Erin has just arrived home from work. On her lunch break she stopped by Forever 21 since now, at age almost-26, she finally looks old enough to shop there.
ERIN (modeling new black dress): And this is my new black dress.
NOAH: Very nice.
(Erin leaves, then returns wearing a long lightweight knitted tunic.)
ERIN (doing model poses): And this is my new light-weight tunic. If I was a celebrity, I would wear this as a dress, like so.
(She indicates the fact that she's not wearing pants, then leaves.)
NOAH: And what's the last thing?
ERIN (returns, wearing long gray and black vest): And this is my vest. Although it is neither a shirt nor a dress, if I were a celebrity, I would wear it as either.
(She indicates the fact that she is wearing a long vest with no pants or shirt.)
NOAH: I wish you could blog photos of yourself like this. That'd be really funny.
ERIN: No can do. I run a family-friendly site.
(Erin leaves, accidentally flashes butt cheeks a la celebrities who wear shirts and vests as whole outfits.)
* * *
Erin drives home from work for lunch. She, Noah and baby Ethan sit around the dining table eating, and discussing whether or not they should take Ethan to Water Babies that evening.
ERIN: I don't want to give up on him.
(She hands Ethan a bit of ice cream sandwich, which he claims is "hot.")
NOAH: We're not giving up on him. He clearly doesn't like it.
(He wipes Ethan's ice creamey fingers.)
ERIN: But you've told me that you wish your parents had encouraged you not to give up the French horn!
(She hands Ethan a cracker, which he throws on the ground.)
NOAH: But I didn't cry every time I played the French horn.
(Ethan sticks his finger in the pecan-crusted cream-cheese-chicken ball on the table, licks it, then announces "Num-a-num-a-num.")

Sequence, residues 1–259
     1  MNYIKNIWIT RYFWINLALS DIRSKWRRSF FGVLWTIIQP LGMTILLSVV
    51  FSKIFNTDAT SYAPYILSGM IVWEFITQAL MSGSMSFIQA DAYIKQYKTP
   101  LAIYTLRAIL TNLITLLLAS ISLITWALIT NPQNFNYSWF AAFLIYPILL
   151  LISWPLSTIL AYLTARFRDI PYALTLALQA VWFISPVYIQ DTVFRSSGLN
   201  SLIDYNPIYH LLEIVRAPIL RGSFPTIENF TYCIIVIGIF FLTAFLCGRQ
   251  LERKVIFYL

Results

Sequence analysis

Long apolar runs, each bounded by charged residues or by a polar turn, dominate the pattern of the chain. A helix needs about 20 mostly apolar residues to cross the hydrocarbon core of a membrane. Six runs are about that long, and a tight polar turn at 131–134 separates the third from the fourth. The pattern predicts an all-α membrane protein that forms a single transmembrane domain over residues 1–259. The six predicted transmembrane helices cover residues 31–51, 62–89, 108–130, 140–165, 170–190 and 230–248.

My husband has made similar comments about posting half-nude photos on the blog. Wonder how much they'd like it if we called their collective bluff.
But aren't you glad that his parents didn't encourage him to play the french horn? I would be. . .
I like to think that I am one of the few bloggers that readers would actually pay significant sums to wear more clothes.
Now that's one high-quality post! I pose in my new clothes for hubby whenever I get the chance, but he usually ends up throwing them on the floor after the model show and states, "Now THAT looks good...Bare it all, baby!" Sigh.
It's a pity about the waterbabies class though. My son couldn't get enough of his swimming class (to the point of not always listening to the instructor...but, he's 3, so I got over it) and my 1 year old would've joined in a heartbeat if we let her anywhere near the water when dropping off said hoodlum. Good luck!
Two of my three children are practically merfolk. My younger son hated the swimming pool, and would start crying if you asked him about getting in. We would try getting him in occasionally, but didn't push too hard. He was happy in the baby pool. When he was about 4-1/2, his panic disappeared. It was about the time he became tall enough to stand in the shallow end.
Don't worry about your baby not being a waterbaby yet. He'll get there.
And, got a good laugh out of the modeling exchange. Fashion shows are fun, though I think my hubby would prefer it after a trip to actual clothing stores. It's been all
cycle/run skirts and technical tops this summer.
After taking my first to swimming lessons at not-quite 2, I decided lessons was silly until they were 4. It was more of a 'let's all gab while the babies play and get comfy in the water'- didn't learn anything new to work with them on. But that was at the county pool, so maybe we were missing out on something grand?
Mrs. Fuzz—I suppose I am glad, come to think of it. And let's be honest, it's not like he was the Yanni of French horn. Although maybe he could have been...
Mapchick—I'm counting on him adapting. Really, he was more interested in the people and the pool toys than in being in the water. I know eventually he'll put them both together.
Jen—That's basically what this class was like. Then again, I don't think we could have handled more structure, unless part of the curriculum was "How to get your child unwrapped from around your neck."
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